“Style is not neutral,” wrote author Martin Amis, “it gives moral directions.”
How we choose to frame things matters. References, idiom, syntax, all betray intentional and unintentional meaning. For politicians and the government, a choice of words is especially important. You’re judged not just on performance but the measure of meaning you attach to words. We probe them for hidden messages, coded language, for direction. Often times such coda isn’t there; banal cliché being a stout defence against double-speak. The goal is to say exactly what you mean, or say nothing at all.
Reflecting on the recent Troubled Families debate I’ve been most struck by government’s failure to understand this. Take the elastic snap of the ‘troubled family’ definition. Stretched to great length it covers all manner of ills, only to whip back to its original size, trapping a legion of problems under the banner ‘troubled’. It neither says what it means, or nothing at all. Louise Casey, the civil servant who set up the programme, conceded even the phrase ‘turned around’ shouldn’t be used in the future to describe the impact it has on a family because it gave an inaccurate impression.
I share this because I’ve always been careful to draw a distinction between the Troubled Families programme and agenda in my own writing. The semantics mattered a great deal to me when I realised that many places had begun to use the impetus of the programme to start working differently with other government agencies locally. Much of it had nothing to do with the Troubled Families programme, but the latter was undeniably the progenitor. I made the same point last year to Durham University’s Stephen Crossley, a vocal critic of the programme, who shared his excellent work with me on both the failures in data reporting and definition of the families. Since our exchange I’ve become more sceptical of the programme, but still maintained my belief the agenda is worth arguing for. Recent news hasn’t dissuaded me of this position.
It may be a minority opinion, but I still believe the troubled families’ agenda got its central analysis correct. Certain families and communities have been locked into intergenerational and cultural deprivation for decades; traditional services just haven’t reached them. We needed to try something different which cut across silos and respond to the actual barriers they were facing to create a material difference in their lives. Even the Ecorys independent evaluation acknowledges the problems these families faced were far more ‘entrenched’ than initially thought.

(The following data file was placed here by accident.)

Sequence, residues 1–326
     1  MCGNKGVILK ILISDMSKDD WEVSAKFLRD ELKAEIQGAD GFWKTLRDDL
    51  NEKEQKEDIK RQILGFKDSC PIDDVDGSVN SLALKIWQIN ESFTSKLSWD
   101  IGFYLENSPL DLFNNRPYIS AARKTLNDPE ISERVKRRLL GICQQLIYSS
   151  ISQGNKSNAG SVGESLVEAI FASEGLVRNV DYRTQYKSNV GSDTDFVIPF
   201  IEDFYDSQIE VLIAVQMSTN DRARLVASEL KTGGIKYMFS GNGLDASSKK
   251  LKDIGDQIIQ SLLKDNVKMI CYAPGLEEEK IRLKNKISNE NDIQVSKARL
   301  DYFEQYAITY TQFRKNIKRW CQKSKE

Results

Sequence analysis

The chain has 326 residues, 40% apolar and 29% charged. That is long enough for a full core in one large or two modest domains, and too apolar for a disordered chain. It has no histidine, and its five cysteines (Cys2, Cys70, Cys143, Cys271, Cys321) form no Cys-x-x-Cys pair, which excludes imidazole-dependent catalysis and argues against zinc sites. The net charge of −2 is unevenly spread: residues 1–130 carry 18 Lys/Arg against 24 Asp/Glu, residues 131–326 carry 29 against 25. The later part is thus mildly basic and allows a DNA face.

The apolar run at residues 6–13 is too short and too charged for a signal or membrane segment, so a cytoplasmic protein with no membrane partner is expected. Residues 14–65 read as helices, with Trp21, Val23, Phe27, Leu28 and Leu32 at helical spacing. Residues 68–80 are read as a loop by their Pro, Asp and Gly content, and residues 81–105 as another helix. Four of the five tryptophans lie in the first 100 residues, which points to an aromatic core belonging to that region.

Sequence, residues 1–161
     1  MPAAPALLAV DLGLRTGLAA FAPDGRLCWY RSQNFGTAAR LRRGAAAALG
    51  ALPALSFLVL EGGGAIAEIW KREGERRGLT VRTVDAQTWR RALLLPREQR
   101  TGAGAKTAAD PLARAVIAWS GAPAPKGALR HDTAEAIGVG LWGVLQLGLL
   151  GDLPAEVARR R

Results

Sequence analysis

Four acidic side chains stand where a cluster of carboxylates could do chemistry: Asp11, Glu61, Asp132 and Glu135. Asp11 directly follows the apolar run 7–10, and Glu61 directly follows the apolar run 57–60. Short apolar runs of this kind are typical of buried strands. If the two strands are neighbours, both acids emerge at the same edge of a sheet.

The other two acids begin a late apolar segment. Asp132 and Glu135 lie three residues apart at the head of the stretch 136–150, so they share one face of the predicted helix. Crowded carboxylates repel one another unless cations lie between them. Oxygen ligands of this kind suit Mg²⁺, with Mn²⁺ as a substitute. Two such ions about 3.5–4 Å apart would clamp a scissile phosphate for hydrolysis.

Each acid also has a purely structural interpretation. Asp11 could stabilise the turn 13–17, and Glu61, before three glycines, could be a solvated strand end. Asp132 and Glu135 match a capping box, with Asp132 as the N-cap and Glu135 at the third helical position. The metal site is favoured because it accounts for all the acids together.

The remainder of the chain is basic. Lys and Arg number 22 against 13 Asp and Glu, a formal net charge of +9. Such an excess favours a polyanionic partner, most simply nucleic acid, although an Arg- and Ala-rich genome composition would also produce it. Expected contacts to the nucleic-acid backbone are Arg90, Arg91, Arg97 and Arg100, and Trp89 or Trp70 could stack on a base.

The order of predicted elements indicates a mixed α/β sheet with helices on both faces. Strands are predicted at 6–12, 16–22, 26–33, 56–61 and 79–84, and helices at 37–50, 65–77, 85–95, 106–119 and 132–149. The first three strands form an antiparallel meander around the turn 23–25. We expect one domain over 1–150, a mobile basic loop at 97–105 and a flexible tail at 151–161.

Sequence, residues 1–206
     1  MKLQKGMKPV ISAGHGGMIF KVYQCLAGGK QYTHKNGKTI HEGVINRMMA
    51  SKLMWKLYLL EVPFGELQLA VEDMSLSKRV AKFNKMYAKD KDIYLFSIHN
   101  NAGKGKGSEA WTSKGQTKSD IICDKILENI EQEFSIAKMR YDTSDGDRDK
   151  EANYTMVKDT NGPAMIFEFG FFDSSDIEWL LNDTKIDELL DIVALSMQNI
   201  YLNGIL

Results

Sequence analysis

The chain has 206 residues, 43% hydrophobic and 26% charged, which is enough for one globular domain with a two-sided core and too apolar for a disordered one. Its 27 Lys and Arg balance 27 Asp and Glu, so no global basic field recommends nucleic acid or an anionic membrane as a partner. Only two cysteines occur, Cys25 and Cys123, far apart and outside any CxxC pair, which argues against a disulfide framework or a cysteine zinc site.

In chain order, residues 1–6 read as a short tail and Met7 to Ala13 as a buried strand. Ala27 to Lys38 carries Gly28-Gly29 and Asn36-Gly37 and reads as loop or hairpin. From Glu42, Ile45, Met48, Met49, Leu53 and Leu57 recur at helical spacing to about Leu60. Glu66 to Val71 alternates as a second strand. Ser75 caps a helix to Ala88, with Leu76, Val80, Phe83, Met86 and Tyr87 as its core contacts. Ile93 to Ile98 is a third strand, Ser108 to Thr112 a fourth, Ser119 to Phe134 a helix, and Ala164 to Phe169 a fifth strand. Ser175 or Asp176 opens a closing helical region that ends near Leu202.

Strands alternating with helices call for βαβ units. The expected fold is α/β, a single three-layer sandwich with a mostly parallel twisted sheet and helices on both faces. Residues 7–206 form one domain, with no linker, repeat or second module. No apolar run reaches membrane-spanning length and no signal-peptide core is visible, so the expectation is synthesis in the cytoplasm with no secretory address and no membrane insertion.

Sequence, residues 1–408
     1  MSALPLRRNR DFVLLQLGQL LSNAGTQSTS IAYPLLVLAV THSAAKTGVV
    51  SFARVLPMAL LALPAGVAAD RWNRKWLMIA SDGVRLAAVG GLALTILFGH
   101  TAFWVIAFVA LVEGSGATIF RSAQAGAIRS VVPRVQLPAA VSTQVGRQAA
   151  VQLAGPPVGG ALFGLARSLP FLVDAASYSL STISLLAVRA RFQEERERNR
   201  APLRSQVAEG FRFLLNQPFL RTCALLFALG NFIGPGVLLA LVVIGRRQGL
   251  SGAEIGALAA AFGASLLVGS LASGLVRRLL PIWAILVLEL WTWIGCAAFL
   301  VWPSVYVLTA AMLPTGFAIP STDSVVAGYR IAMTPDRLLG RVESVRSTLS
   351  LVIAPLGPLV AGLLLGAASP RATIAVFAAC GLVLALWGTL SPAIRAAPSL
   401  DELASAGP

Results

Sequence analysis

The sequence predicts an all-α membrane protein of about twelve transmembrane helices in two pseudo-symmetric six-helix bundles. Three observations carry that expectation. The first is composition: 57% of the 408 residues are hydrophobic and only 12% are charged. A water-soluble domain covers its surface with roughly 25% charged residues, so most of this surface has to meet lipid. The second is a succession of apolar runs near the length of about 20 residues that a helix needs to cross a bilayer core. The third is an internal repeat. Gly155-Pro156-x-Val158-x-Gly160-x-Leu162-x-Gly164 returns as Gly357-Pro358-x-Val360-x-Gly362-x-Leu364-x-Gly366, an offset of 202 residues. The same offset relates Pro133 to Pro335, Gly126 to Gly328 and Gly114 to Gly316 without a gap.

How does one measure success when dealing with chronic psychological issues or when, as Jenni Russell’s article in last week’s Times noted, someone doesn’t have doors in their home or a working bathroom? When you’re dealing, en masse, with the most complex social cases, what control group can accurately offer a comparison? As the philosopher Bryan Magee wrote, “out of the crooked timber of humanity was nothing straight ever made”. We’ve learnt that data and reporting needs to improve, we’ve also learnt (as if we ever needed to) that payment by results creates perverse incentives, but what we haven’t learnt definitively is that the programme was a failure.
Despite his own consistent criticism, even Jonathan Portes agrees that many social policy experts thought the “basic underlying principles of the programme made a lot of sense”. These underlying principles – inter-agency cooperation, a focus on wider social determinants, a family focused approach – are based on the experience of people working on the front lines in social services. They know too many kids come into care because of the behaviour of Mum and Dad, or that there’s no way some will be able to excel at school until the domestic violence at home stops.
The troubled families programme wasn’t really a programme. It was an experiment; a messy, complex, but worthwhile experiment. Similarly the families it helped weren’t turned around, they just took their first steps in a new direction. But when you haven’t been able to move someone for decades, can a few steps fairly be described as having ‘no impact’?
Our choice of words matters. Those criticising the programme have grounds to do so, but they’re also bound by the same rules of semantics. The evaluation - the prime source material for those now on the attack - stated that it’s possibly “too soon to draw a conclusion”. I’m willing to accept that the troubled families agenda might be a failure. Time will tell, but are critics willing to accept that it still might be a success? I guess this depends on your definition of success. Style is not neutral.
Liam Booth-Smith, chief executive, Localis
'The Troubled families agenda might still prove a success'